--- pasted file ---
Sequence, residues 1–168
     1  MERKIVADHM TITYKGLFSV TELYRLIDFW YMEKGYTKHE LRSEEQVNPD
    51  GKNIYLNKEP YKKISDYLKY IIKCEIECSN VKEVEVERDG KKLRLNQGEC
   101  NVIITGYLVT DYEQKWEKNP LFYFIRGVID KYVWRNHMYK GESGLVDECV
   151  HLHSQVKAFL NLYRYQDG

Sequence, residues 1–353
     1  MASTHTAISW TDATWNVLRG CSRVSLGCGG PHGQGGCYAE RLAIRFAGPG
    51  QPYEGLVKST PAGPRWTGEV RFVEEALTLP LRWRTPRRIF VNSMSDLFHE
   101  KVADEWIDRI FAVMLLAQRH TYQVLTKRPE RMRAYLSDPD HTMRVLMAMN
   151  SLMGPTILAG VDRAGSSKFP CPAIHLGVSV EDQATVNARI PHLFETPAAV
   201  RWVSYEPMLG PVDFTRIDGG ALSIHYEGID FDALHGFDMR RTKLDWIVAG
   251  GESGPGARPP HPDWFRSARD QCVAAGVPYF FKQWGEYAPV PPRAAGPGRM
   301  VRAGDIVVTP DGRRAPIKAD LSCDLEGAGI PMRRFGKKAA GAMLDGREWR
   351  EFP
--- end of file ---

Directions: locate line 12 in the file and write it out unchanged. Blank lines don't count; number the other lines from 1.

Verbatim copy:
   251  GESGPGARPP HPDWFRSARD QCVAAGVPYF FKQWGEYAPV PPRAAGPGRM